The estimation of marginal time preference in a UK-wide sample (TEMPUS) project: a review

Cairns J A, van der Pol M M
Record ID 31999009033
Authors' objectives:

The aims of this study are: 1. To derive implied discount rates for future health benefits for a sample of the general public in the UK. 2. To establish whether individual inter-temporal preferences with respect to their own health differ from those with respect to the health of others. 3. To investigate the effect of different ways of asking questions on apparent inter-temporal preferences (specifically closed-ended and open-ended methods are compared). 4. To establish whether individuals value future health benefits in line with the traditional discounted utility model and to investigate, in addition, how well the hyperbolic discounting models explain individual responses.

Authors' recomendations: The results of this study suggest that the implied discount rates for own and others' health are broadly similar. There are some differences but the similarities are much more striking, certainly in the case of the open-ended method. The implied discount rates and the distribution of the implied discount were very similar for the open-ended method and the discrete choice experiment. The discrete choice experiment had a higher response rate and respondents considered that the discrete choices questions were easier to answer. The results provide evidence against the discounted utility model. The key axiom of the discounted utility model, stationarity, was violated. The alternative, the hyperbolic discounting models, fitted the data better than the discounted utility model. The implied discount rates elicited in this study should not be over-emphasised because of the unrepresentativeness of the study sample. However, it is notable how close the estimated median rates are to the rates advocated for use in economic evaluation in a range of countries (for example, 3% in the USA, 5% in Australia and Canada). The estimated implied discount rates in this study fall comfortably within the range of estimates from previous empirical studies.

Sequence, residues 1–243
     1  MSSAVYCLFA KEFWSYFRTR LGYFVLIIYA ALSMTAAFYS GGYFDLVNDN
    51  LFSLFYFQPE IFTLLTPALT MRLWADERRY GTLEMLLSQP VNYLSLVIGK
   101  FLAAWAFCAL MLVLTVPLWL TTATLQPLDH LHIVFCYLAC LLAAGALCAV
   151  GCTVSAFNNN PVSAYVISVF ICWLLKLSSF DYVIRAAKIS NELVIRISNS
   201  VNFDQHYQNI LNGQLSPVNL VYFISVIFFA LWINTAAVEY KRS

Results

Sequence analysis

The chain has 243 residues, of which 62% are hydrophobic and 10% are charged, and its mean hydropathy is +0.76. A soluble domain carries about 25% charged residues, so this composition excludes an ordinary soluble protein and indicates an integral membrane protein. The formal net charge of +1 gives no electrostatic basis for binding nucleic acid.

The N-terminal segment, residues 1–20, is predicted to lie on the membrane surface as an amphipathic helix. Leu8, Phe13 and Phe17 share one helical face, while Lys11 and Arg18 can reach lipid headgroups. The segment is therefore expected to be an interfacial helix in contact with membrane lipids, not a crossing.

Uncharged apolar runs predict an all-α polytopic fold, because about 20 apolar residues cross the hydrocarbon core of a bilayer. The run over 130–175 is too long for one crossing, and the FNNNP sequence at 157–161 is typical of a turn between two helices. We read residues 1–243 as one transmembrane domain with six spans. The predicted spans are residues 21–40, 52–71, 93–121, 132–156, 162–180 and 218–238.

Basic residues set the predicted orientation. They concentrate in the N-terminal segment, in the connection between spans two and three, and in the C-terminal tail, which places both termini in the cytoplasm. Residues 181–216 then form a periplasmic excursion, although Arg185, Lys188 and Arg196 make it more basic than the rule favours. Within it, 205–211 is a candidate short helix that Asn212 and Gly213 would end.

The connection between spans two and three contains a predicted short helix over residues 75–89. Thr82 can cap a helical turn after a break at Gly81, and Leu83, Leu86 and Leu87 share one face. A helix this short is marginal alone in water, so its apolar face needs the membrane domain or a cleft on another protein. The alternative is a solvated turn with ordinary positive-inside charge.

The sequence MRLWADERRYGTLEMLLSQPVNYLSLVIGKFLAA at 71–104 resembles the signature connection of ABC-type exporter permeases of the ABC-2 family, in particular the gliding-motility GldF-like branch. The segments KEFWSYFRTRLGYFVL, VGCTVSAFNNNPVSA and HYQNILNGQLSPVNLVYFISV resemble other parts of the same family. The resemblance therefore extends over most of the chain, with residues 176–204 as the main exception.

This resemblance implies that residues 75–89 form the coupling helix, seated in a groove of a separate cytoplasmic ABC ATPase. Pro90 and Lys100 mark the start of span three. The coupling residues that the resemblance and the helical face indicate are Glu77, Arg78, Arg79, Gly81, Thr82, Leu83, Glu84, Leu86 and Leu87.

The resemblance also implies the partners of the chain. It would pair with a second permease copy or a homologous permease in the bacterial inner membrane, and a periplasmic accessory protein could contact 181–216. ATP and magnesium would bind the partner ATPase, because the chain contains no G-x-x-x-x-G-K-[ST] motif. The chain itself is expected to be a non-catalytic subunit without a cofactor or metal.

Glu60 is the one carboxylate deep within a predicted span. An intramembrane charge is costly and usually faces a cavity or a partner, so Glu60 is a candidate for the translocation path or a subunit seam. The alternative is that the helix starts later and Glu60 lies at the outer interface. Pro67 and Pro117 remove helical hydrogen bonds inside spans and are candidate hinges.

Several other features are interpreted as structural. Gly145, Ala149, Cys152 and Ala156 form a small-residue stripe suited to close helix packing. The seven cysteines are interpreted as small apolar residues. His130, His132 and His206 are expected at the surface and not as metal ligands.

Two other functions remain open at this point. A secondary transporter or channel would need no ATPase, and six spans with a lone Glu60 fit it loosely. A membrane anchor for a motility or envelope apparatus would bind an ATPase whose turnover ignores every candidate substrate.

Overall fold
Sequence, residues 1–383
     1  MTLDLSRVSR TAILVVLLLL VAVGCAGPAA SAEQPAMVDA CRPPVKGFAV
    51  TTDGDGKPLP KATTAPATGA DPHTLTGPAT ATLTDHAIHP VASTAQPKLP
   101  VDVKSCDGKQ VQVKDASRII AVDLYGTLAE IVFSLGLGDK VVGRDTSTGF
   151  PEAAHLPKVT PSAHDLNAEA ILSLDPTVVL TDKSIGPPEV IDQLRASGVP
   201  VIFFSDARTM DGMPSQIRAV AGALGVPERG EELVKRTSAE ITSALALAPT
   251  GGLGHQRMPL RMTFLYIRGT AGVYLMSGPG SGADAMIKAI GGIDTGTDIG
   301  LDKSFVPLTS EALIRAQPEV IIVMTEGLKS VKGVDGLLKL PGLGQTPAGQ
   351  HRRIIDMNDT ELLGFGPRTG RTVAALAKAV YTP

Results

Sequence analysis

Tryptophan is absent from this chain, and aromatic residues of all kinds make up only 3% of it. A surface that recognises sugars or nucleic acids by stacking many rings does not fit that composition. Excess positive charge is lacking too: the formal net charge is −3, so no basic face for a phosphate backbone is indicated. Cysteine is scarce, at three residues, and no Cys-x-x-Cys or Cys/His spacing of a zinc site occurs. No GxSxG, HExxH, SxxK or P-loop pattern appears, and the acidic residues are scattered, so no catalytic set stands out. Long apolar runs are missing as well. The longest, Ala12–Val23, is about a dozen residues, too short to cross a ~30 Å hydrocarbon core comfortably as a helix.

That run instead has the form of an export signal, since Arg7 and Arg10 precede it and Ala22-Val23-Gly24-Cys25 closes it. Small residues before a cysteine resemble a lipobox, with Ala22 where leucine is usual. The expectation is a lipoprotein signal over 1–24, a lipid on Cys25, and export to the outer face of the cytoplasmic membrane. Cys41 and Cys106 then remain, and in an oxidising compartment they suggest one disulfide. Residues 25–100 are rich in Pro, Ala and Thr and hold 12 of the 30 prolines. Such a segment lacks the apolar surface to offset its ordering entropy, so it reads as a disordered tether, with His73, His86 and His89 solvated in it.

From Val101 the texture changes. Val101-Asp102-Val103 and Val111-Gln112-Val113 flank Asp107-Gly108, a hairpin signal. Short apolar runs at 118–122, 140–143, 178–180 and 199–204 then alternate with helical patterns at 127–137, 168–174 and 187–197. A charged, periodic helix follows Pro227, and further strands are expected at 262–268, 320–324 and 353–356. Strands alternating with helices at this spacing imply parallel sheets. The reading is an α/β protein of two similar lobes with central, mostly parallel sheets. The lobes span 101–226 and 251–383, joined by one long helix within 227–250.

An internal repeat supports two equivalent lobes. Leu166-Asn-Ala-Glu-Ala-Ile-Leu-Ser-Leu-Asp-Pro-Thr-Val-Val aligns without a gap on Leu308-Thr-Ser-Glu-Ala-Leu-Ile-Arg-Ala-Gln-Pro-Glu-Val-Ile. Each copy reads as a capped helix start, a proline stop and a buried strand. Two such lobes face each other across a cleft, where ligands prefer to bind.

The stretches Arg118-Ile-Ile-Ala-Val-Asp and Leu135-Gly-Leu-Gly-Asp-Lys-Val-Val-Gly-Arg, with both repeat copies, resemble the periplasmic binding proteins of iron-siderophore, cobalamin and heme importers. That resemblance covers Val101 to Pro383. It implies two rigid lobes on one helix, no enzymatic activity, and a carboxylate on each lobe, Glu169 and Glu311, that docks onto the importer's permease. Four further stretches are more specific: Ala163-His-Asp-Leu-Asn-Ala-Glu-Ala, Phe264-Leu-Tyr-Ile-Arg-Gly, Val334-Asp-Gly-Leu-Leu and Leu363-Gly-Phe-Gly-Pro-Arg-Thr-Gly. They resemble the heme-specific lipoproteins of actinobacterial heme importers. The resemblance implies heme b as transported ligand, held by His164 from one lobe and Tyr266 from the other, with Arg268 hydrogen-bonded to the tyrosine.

Authors' methods: Primary research
Project Status: Completed
URL for project:
Year Published: 2000
English language abstract: An English language summary is available
Publication Type: Not Assigned
Country: England, United Kingdom
MeSH Terms
  • Attitude to Health
  • Time Factors
Organisation Name: NIHR Health Technology Assessment programme
Contact Address: NIHR Journals Library, National Institute for Health and Care Research, Evaluation, Trials and Studies Coordinating Centre, Alpha House, University of Southampton Science Park, Southampton SO16 7NS, UK
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Copyright: 2009 Queen's Printer and Controller of HMSO
This is a bibliographic record of a published health technology assessment from a member of INAHTA or other HTA producer. No evaluation of the quality of this assessment has been made for the HTA database.